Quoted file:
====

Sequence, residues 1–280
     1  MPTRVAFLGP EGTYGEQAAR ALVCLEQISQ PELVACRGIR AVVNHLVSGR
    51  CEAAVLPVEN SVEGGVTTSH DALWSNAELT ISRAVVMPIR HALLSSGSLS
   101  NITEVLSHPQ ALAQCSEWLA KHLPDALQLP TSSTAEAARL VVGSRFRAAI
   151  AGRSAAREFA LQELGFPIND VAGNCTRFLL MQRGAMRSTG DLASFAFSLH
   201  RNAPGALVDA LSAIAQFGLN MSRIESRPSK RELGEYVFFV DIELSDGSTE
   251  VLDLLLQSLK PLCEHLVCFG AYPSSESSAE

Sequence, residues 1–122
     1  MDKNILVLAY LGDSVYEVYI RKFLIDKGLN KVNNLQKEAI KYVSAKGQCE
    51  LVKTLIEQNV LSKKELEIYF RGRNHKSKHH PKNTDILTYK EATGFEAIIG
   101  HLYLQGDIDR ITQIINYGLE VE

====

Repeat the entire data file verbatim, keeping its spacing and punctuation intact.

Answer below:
Sequence, residues 1–280
     1  MPTRVAFLGP EGTYGEQAAR ALVCLEQISQ PELVACRGIR AVVNHLVSGR
    51  CEAAVLPVEN SVEGGVTTSH DALWSNAELT ISRAVVMPIR HALLSSGSLS
   101  NITEVLSHPQ ALAQCSEWLA KHLPDALQLP TSSTAEAARL VVGSRFRAAI
   151  AGRSAAREFA LQELGFPIND VAGNCTRFLL MQRGAMRSTG DLASFAFSLH
   201  RNAPGALVDA LSAIAQFGLN MSRIESRPSK RELGEYVFFV DIELSDGSTE
   251  VLDLLLQSLK PLCEHLVCFG AYPSSESSAE

Sequence, residues 1–122
     1  MDKNILVLAY LGDSVYEVYI RKFLIDKGLN KVNNLQKEAI KYVSAKGQCE
    51  LVKTLIEQNV LSKKELEIYF RGRNHKSKHH PKNTDILTYK EATGFEAIIG
   101  HLYLQGDIDR ITQIINYGLE VE